As the famous slogan goes, ‘Spain is different’, and to foreigners, two of the most prominent peculiarities of the Spanish lifestyle are the daily timetable and summer shutdown.
First, there’s the ‘jornada partida’, a working day that’s split in two by an extended lunch break. Some say that this is a hangover from agrarian society, when farmers started their day early and took refuge from the heat at the hottest time of day. Others attribute it to the difficult post-Civil War period, when many worked two jobs to keep things afloat, with the long lunch and siesta providing an essential break between jobs. Whilst neither situation applies today, these traditions have morphed to create a unique daily timetable.
Another peculiarity is the August shutdown, when many businesses close for up to a month. August was historically a time for work rather than rest, when Spain had an agricultural economy. The commonly used phrase ‘hacer el agosto’ originally referred to this busy period, when extra people were needed to collect the harvest. Following the industrial revolution, those who would have helped out during this time were then employed in manufacturing, thus the summer shutdown of factories allowed them to return home to lend a hand. In time, the shutdown also proved to be a useful period for implementing changes and improvements in factories.
And so it emerged as the standard annual break for workers, long after their help was needed on the land. However, as more and more companies in Spain are embracing a flexible approach to holidays—one that allows employees to take their downtime at any time of year—inevitably, there are some left holding the fort. Whilst that ‘school’s-out’ feeling leaves the city in a state of blissful calm (or lonely and deserted, depending on your perspective), functioning in the heat, which averages in the high twenties throughout the month, can be trying.
So, as a little helping hand to those left behind in August, we’ve pulled together some ideas for how to keep cool (and sane) in the summer city heat.
10 Tips for beating the heat
- Refresh with a cool mist. Fill a spray bottle and put it in the refrigerator for when you come in from outdoors.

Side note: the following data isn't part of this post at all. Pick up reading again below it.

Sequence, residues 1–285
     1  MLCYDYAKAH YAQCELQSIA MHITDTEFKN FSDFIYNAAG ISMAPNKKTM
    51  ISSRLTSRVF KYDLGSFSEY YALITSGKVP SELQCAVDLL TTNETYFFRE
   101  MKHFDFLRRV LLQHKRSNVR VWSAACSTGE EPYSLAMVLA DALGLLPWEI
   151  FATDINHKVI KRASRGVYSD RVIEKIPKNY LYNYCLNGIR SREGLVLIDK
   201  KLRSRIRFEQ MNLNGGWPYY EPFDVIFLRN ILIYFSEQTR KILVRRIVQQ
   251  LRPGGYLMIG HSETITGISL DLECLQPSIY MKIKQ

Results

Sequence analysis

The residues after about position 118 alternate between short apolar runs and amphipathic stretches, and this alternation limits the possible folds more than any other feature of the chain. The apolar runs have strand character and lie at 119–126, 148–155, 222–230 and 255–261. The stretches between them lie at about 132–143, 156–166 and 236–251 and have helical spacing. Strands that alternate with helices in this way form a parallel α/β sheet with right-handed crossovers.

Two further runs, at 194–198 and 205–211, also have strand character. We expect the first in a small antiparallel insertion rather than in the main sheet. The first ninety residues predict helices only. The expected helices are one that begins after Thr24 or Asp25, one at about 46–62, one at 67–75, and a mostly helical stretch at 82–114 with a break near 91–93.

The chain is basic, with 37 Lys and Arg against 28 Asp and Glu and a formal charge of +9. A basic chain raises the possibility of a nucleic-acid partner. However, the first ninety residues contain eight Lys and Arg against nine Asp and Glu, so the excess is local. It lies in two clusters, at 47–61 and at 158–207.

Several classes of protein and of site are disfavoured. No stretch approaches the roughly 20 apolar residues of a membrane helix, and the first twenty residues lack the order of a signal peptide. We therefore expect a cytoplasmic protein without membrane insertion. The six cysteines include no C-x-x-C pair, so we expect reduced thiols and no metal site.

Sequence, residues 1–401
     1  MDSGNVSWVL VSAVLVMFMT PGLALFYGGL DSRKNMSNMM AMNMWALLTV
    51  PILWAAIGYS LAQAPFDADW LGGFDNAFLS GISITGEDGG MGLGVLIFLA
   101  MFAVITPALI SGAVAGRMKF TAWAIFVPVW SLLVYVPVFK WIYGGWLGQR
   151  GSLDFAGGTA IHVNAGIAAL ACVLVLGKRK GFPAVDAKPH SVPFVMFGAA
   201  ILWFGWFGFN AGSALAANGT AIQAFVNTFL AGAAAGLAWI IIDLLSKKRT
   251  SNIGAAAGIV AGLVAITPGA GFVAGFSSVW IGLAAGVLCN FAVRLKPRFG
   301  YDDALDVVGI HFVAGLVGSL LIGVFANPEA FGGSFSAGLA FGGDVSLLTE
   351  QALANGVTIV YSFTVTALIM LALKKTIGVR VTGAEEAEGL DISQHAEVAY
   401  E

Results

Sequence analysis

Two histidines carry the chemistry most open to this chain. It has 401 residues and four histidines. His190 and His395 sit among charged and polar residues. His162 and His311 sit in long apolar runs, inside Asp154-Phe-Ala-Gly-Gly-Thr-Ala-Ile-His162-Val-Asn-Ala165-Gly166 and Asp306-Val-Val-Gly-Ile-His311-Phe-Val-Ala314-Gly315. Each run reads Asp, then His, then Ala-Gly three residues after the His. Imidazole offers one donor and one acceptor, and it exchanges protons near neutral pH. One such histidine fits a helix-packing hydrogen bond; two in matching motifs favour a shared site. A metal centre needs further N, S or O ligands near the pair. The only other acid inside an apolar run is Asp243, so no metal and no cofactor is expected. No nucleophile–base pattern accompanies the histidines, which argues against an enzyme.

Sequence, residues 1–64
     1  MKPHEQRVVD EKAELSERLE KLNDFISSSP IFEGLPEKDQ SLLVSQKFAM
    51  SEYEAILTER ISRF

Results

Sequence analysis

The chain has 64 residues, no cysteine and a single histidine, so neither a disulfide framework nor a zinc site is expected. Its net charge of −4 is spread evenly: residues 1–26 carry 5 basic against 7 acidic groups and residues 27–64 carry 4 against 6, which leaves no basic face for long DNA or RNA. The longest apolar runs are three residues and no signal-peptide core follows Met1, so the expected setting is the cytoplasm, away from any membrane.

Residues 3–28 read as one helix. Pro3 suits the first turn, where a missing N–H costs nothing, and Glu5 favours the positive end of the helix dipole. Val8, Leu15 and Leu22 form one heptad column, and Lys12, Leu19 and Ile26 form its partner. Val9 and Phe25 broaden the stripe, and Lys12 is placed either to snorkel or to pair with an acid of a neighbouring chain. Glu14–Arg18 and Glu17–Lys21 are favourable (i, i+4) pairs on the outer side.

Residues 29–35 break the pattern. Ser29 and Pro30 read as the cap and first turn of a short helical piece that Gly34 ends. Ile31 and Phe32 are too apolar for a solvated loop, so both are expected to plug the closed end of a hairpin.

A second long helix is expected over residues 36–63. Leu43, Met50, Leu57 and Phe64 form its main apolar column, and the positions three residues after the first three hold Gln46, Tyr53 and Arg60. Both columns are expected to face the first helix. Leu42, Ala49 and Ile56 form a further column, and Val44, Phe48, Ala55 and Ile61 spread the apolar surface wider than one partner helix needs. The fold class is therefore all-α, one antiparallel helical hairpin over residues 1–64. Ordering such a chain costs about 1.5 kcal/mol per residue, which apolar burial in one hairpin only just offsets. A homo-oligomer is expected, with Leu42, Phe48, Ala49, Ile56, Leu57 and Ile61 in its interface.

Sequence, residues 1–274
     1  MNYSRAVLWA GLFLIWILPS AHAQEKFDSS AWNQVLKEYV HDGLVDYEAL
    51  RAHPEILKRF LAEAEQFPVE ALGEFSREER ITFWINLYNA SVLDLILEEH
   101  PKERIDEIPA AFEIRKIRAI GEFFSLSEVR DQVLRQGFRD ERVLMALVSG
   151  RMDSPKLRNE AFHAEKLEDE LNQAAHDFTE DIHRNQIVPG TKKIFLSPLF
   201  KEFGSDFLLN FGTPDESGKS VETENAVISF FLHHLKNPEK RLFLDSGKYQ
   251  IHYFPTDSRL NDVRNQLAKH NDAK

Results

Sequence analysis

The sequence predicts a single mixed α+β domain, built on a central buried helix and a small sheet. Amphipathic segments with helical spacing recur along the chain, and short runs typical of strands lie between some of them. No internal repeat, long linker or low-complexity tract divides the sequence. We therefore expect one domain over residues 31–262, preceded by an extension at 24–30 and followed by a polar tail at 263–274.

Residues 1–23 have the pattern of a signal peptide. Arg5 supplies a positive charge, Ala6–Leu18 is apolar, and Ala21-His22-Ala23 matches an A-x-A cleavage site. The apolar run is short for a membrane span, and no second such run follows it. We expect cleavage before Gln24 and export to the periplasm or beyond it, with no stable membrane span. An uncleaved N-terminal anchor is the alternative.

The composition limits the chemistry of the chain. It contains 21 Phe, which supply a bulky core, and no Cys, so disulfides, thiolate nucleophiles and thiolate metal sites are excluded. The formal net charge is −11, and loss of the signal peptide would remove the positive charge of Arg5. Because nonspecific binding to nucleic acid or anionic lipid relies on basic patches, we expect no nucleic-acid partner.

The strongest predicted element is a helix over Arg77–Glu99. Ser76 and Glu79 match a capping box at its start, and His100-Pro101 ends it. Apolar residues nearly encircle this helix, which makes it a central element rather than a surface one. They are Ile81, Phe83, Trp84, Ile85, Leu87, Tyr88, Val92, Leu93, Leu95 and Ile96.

- Wear loose-fitting, light-coloured cotton clothing. Cotton breathes much easier than most synthetics, allowing for hot and cool air to circulate. Similarly, use a feather or cotton pillow with a cotton pillowcase.
- Keep a bottle of lotion in your refrigerator. Lathering up with something cool can help regulate temperature in the arms, legs and feet. Refrigerate aloe vera moisturiser for an extra cooling effect.
- Regulate room temperature while you’re out. Close the shutters when you’re out to prevent the sun from radiating through the windows and creating a greenhouse effect.
- Eat small meals more often. Your digestive system releases significantly less metabolic heat when processing small meals. Additionally, try to limit protein intake as digesting protein generates more heat.
- Eat spicy food. This may seem counter-intuitive, but spicy food enhances circulation and causes sweating which, in turn, cools the body.
- Cool off your sheets. Stick your sheets in the fridge for 30 minutes before bedtime to make getting into bed more bearable.
- Don’t wait until you’re thirsty to drink. Maintaining a steady water intake throughout the day helps regulate body temperature and prevents dehydration. If you’re not used to drinking regularly, download an app for your phone. Waterlogged, iDrated and Daily Water are free apps that help you track your consumption and stay on schedule.
- Wear breathable footwear. Your body releases heat through your feet, so trade in those loafers for some flip flops.
- Change your productive times. Spaniards have been doing this right for centuries—rise early to get things done and schedule resting hours in the afternoon. There’s nothing like a mid-summer siesta to cool down and recharge.